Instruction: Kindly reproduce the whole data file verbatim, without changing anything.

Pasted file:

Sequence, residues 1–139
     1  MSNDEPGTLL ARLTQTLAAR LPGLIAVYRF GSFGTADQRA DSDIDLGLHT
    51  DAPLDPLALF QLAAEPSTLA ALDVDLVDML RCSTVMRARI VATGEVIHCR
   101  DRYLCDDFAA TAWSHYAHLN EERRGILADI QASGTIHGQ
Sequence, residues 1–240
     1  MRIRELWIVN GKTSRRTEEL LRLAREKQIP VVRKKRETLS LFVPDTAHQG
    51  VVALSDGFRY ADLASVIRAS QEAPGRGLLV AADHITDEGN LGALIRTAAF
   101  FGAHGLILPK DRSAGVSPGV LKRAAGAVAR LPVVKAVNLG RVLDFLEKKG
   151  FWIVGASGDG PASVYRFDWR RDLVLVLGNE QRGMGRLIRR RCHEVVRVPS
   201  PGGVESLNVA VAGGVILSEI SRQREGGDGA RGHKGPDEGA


Sequence, residues 1–139
     1  MSNDEPGTLL ARLTQTLAAR LPGLIAVYRF GSFGTADQRA DSDIDLGLHT
    51  DAPLDPLALF QLAAEPSTLA ALDVDLVDML RCSTVMRARI VATGEVIHCR
   101  DRYLCDDFAA TAWSHYAHLN EERRGILADI QASGTIHGQ
Sequence, residues 1–240
     1  MRIRELWIVN GKTSRRTEEL LRLAREKQIP VVRKKRETLS LFVPDTAHQG
    51  VVALSDGFRY ADLASVIRAS QEAPGRGLLV AADHITDEGN LGALIRTAAF
   101  FGAHGLILPK DRSAGVSPGV LKRAAGAVAR LPVVKAVNLG RVLDFLEKKG
   151  FWIVGASGDG PASVYRFDWR RDLVLVLGNE QRGMGRLIRR RCHEVVRVPS
   201  PGGVESLNVA VAGGVILSEI SRQREGGDGA RGHKGPDEGA